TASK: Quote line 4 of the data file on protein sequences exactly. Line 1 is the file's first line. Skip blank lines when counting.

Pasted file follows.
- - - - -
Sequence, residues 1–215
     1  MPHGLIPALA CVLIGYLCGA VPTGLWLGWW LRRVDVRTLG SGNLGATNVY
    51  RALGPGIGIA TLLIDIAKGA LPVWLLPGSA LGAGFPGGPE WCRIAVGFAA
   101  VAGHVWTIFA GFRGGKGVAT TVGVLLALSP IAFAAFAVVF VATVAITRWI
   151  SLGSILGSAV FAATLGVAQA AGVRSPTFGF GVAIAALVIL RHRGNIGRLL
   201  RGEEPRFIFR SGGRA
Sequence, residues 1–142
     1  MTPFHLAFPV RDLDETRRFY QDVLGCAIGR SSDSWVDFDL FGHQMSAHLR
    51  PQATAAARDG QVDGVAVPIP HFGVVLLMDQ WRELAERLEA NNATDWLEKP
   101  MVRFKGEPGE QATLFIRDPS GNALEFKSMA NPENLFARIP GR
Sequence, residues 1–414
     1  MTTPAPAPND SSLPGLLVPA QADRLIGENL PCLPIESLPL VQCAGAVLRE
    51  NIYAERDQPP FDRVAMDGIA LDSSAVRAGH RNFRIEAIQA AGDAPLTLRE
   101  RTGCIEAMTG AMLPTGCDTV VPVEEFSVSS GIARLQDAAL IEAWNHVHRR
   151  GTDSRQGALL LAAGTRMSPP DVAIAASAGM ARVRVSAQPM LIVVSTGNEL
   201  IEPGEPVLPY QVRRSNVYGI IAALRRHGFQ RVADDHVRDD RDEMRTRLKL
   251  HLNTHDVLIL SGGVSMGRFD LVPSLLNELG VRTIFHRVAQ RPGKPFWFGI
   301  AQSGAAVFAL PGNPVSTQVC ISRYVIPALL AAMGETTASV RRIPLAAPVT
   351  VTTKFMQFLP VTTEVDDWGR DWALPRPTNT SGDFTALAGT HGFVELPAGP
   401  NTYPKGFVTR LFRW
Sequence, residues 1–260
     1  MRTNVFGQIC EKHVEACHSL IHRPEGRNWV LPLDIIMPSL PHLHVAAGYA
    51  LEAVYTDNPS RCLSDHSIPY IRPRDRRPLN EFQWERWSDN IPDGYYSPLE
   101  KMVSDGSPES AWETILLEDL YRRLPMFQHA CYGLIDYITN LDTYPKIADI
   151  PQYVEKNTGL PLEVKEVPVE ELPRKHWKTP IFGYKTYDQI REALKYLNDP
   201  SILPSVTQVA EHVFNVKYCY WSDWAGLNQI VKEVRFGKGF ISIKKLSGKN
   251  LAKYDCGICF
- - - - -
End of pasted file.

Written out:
   101  VAGHVWTIFA GFRGGKGVAT TVGVLLALSP IAFAAFAVVF VATVAITRWI